Why It's Too Early To Buy Barrick Gold And Other Mining Stocks

| About: Barrick Gold (ABX)

Barrick Gold (NYSE:ABX) shares have cratered this year along with investor interest in the precious metals sector. This stock recently traded for as little as $13.43 and started to rebound from those lows, but after the company announced it would suspend operations at a mine and also do a secondary offering of $3 billion, the stock has been heading lower again. Some investors might see the recent drop as a buying opportunity, but it could be way too early to buy the shares now.

Barrick Gold is planning to use some of the newly raised cash to pay down a substantial debt load of about $15 billion, but even after this move, the debt load will still remain high, which is an additional risk factor for shareholders to consider. The secondary offering consisted of about 163.5 million new shares, which were priced at $18.35. With around a billion shares outstanding before the offering, this secondary offering dilutes existing shareholders by about 16%. This means that future profits will have to be split up between more shareholders, and that is why the stock sank on this news. A recent Barron's.com article details the view by analysts at Stern Agee stating:

If over-allotment option is exercised in full, Barrick would receive net proceeds of approximately $3.3B. The company intends to use $2.6B of the net proceeds to redeem or repurchase outstanding debt…
We believe shares may be range-bound near term as market digests the $3B stock issuance, new operating cost reduction program, pace of asset sales and board changes.

The plight of Barrick Gold is similar to many other gold mining stocks. Profits in this industry are declining along with the price of gold, and this has caused increased concerns over debt servicing and even dividend cuts. Furthermore, this stock is trading for about half of the 52-week high of $36.91, and that means many investors have significant losses. At this time of year, stocks that have performed poorly are likely to see substantial tax-loss selling pressure as investors want to harvest losses to offset gains in other assets. This is why many gold stocks like Barrick are likely to remain under pressure for the next few weeks.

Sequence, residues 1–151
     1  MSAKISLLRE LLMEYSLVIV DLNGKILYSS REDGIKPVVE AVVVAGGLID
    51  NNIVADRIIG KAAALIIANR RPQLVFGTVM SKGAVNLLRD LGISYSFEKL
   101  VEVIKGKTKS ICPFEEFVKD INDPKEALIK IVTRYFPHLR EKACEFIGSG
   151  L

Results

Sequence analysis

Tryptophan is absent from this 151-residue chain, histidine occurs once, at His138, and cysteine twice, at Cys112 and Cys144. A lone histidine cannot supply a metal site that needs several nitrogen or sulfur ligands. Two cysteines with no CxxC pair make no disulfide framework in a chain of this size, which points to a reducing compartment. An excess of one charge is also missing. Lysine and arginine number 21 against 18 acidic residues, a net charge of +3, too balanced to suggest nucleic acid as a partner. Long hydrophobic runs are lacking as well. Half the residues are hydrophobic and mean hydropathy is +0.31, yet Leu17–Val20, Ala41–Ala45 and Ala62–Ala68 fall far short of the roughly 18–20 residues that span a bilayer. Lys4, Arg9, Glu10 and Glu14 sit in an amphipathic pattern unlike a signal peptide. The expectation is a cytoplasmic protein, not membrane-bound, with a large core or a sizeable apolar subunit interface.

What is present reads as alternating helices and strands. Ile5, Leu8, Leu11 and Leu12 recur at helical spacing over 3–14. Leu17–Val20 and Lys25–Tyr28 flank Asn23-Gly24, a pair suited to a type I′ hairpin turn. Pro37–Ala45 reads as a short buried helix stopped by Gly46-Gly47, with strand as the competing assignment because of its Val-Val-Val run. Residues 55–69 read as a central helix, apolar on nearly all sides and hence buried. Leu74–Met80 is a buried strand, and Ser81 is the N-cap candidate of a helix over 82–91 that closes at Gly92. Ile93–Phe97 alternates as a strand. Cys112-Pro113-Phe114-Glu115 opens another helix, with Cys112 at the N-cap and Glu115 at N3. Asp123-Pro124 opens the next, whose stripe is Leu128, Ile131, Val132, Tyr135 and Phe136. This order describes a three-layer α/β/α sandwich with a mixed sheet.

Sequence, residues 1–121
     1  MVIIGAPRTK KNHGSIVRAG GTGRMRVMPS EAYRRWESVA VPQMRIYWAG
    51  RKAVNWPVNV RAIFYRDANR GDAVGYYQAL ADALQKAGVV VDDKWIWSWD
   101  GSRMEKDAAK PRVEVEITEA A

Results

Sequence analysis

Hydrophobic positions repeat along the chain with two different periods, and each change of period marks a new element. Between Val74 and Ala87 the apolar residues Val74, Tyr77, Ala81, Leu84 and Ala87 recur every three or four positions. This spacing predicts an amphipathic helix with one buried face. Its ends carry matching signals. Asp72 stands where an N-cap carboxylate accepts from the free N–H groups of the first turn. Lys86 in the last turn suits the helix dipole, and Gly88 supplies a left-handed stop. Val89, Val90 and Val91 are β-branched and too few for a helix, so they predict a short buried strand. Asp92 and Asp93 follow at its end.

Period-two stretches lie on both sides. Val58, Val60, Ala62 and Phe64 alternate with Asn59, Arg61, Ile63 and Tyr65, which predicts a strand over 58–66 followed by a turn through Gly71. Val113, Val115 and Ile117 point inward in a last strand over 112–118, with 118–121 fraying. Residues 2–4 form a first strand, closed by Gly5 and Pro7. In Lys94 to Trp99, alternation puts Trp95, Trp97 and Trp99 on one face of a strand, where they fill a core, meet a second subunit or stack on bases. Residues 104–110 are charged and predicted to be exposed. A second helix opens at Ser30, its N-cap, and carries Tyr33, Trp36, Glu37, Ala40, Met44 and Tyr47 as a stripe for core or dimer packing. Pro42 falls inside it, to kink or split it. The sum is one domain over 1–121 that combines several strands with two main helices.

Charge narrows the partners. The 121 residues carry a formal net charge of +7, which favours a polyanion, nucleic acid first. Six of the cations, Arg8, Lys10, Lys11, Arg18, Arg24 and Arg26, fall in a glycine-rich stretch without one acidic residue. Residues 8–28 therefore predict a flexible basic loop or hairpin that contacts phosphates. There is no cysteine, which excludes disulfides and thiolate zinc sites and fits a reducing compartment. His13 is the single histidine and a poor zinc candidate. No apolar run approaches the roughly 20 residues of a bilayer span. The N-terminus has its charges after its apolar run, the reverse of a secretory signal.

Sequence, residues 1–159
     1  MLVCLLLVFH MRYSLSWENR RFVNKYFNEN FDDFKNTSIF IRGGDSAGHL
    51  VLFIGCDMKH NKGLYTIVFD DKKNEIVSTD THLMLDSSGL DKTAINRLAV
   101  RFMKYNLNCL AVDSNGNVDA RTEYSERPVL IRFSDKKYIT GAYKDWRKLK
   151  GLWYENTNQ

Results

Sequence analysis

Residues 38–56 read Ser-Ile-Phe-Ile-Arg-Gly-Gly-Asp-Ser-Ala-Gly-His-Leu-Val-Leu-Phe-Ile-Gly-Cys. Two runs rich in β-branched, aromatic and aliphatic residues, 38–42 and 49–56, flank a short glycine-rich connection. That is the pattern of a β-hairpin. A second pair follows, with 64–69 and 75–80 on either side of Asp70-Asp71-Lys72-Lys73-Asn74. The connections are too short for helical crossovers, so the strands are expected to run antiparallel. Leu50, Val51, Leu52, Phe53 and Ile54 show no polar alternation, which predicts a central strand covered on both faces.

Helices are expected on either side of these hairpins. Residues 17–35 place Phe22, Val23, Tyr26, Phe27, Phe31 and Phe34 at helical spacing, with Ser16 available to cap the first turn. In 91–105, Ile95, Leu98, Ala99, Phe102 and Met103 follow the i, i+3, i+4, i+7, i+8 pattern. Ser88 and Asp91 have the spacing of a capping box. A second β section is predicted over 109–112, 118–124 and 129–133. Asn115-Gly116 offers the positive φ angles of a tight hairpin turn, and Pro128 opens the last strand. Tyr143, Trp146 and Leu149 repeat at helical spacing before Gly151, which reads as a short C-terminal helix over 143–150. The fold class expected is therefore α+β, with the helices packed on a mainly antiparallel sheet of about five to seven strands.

As the chart above shows, this stock has recently dropped below the 50-day moving average of $18.80 and the 200-day moving average of $21.58. These are often considered to be key support levels. The chart also shows that the stock is now very close to possibly breaking below a recent short-term uptrend (as evidenced by the blue trend line), and that could lead to another leg lower. With tax-loss selling season just about to get started, and with the recent secondary offering, this stock is likely to remain weak, and investors who rush to buy could get burned. However, it might be worth buying a small position and averaging into this stock in mid-December while these issues are digested, as it could rebound a bit into January as this tax-loss selling pressure ends.

Investors who want more diversification while still having the potential of playing a rebound into January as tax-loss selling ends could consider the Market Vectors Gold Miners ETF (NYSEARCA:GDX) which (as shown in the chart above), has also fallen sharply in 2013.

Here are some key points for ABX:
Current share price: $18.01
The 52-week range is $13.43 to $36.91
Earnings estimates for 2013: $2.67 per share
Earnings estimates for 2014: $2.42 per share
Annual dividend: 20 cents per share which yields 1.1%

Data is sourced from Yahoo Finance. No guarantees or representations are made. Hawkinvest is not a registered investment advisor and does not provide specific investment advice. The information is for informational purposes only. You should always consult a financial advisor.

Disclosure: I have no positions in any stocks mentioned, and no plans to initiate any positions within the next 72 hours. I wrote this article myself, and it expresses my own opinions. I am not receiving compensation for it (other than from Seeking Alpha). I have no business relationship with any company whose stock is mentioned in this article.